TOR through VPN

Discussion in 'privacy technology' started by JoeAverage, Nov 3, 2013.

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  1. TheCatMan

    TheCatMan Registered Member

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    Totally agree your ISP knowing your on the Tor network throws up more eyebrows then Spock.
     
  2. luciddream

    luciddream Registered Member

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    I have flirted with this idea for awhile now, but always chicken out fearing I don't possess the expertise to pull it off the way it need be done and will just end up wasting a ton of time and going crazy in the process.

    I also really like what you're doing with pfsense... that's something I "may" be able to wrap my brain around, a bit more user friendly & convenient. I think I'd go that route instead. It's a perfect compromise.
     
  3. HopelesslyFaithful

    HopelesslyFaithful Registered Member

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    i have to agree....all of this is 100% unknown to me so i just hope over the next year or two trolling around i can learn enough. I know over the next few months i'll just be wikipediaing and googling whonix...because who knew right? Ha sorry bad mom joke.

    bTW i use TOR without VPN...that is something i hope to solve in the near future. Only started to learn this security stuff in the last 12 months....a little before the whole NSA thing...after that it was high gear....well actually it was ! 1 year ago. When i made an account here lol. Can't believe it was that long ago.
     
    Last edited: Dec 1, 2013
  4. mirimir

    mirimir Registered Member

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    Unfamiliar stuff can be intimidating. For me, sadly enough, it's iptables :( Fans love the fact that it's not organized around a flow from input to output. Rules affect all "in flight" packets, no matter where they entered. And rules can be chained, and route packets in complex ways. Cool as it may be, it intimidates me. I like pf much better. I can write rules for packets that are going from X to Y. Anyway ...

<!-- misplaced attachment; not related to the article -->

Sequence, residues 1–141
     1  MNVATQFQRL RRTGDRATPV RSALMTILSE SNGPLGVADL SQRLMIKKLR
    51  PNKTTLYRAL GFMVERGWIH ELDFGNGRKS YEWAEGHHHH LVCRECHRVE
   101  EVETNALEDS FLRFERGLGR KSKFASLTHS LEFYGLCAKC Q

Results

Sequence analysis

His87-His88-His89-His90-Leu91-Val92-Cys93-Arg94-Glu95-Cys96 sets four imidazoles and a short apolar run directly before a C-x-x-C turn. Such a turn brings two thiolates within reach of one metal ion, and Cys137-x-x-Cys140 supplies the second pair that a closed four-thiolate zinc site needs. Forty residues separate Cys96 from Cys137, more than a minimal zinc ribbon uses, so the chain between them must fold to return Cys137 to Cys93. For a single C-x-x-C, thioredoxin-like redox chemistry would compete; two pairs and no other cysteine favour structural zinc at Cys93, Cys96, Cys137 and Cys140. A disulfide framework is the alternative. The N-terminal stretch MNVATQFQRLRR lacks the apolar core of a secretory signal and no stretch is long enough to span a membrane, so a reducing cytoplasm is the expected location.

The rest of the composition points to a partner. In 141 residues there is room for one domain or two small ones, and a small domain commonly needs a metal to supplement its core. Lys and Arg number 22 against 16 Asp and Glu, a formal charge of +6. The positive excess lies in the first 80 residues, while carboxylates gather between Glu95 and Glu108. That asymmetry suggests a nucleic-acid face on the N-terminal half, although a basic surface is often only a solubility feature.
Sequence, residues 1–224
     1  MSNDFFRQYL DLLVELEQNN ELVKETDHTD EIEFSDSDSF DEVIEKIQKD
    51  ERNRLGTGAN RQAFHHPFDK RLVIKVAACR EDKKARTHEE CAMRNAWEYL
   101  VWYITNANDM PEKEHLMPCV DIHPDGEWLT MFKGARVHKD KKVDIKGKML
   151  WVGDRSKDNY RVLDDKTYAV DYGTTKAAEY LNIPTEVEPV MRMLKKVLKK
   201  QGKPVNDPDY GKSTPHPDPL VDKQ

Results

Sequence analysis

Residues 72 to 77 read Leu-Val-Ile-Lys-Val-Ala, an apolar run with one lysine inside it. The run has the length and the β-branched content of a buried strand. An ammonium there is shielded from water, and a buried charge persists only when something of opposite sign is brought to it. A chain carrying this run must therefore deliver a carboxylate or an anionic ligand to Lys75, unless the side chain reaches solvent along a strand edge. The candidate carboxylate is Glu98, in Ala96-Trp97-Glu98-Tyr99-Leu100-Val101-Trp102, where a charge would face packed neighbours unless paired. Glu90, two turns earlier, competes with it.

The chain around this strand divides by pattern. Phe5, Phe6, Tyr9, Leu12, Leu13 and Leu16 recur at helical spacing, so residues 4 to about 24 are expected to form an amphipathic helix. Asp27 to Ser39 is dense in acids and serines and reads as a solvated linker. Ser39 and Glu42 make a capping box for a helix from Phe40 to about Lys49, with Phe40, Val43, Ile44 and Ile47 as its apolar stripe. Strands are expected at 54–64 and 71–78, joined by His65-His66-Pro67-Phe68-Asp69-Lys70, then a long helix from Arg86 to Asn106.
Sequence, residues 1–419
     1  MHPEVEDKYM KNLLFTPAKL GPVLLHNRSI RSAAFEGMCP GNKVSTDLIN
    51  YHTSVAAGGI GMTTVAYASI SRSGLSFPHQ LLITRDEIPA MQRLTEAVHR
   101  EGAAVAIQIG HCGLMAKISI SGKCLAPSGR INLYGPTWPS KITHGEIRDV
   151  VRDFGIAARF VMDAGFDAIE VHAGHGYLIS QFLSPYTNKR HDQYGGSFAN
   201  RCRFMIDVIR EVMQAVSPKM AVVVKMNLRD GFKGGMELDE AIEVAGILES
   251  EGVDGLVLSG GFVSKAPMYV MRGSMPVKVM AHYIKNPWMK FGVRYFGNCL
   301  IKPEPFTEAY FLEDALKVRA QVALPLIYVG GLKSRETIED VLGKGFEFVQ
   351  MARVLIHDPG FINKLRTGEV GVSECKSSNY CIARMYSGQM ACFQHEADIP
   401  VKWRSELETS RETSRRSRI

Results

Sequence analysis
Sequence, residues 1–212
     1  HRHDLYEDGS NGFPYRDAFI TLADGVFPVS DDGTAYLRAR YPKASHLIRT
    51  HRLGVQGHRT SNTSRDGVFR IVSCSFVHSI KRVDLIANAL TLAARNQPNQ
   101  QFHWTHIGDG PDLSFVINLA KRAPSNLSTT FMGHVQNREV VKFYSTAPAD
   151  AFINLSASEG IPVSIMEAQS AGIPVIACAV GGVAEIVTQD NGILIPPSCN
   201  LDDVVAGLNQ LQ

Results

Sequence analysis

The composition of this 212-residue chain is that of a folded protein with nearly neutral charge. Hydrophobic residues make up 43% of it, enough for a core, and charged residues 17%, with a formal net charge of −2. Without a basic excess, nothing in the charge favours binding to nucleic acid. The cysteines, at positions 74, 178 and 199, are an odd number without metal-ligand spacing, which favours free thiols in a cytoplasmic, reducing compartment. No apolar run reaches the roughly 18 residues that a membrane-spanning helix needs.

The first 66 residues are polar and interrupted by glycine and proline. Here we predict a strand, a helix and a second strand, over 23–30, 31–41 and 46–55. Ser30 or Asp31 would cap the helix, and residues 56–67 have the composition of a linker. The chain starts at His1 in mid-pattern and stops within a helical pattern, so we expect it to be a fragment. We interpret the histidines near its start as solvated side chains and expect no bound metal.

The setup that you describe -- VPN on host, VirtualBox running Whonix -- requires NO change in defaults, except for the firewall setup on the host machine (ha ha).

    You install a VPN client on the host. In Windows, or with some VPNs (such as Mullvad) in Linux, you just install the provider's client. The Mullvad client even comes with leak protection. In Windows, I gather that the Comodo firewall setup is straightforward. In Linux, you can use either the old XeroBank Shorewall setup, or adrelanos' VPN-Firewall (which is tighter).

    Installing VirtualBox is easy. And so is importing the Whonix VM appliances. You don't need to change the defaults. By default, the WAN adapter of the Tor gateway VM is NATed to the host, and so connects through the host VPN. By default, the LAN adapters of the Tor gateway and workstation VMs are attached to a VirtualBox internal network (whonix). You just run the VMs, and work in the workstation VM. The setup is totally locked down. As long as you don't mess with the Tor gateway VM, there's nothing (as far as I know) that you (or adversaries that gain access) can do in the workstation VM that will deanonymize you. If an adversary broke out of the workstation VM, all bets are off, of course. But I doubt that there are many adversaries that could manage that.

    There is one tweak that I recommend to the Whonix gateway VM. Reduce its RAM from 768 MB to 127 MB. Having low RAM won't affect its functionality. It just doesn't run its KDE desktop, which (in my opinion) is a waste of RAM, because you don't do anything there except update packages.
     
  5. Winko

    Winko Registered Member

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    Whonix - Step-by-Step Instructions

    PART 1

    PART 2
     
  6. TheCatMan

    TheCatMan Registered Member

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    Is this right mirmir? its always nice to know if I am wrong or right. Always still learning :)
     
  7. RollingThunder

    RollingThunder Registered Member

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    @Mirimir - This stuck out. Is there an NSA implication here?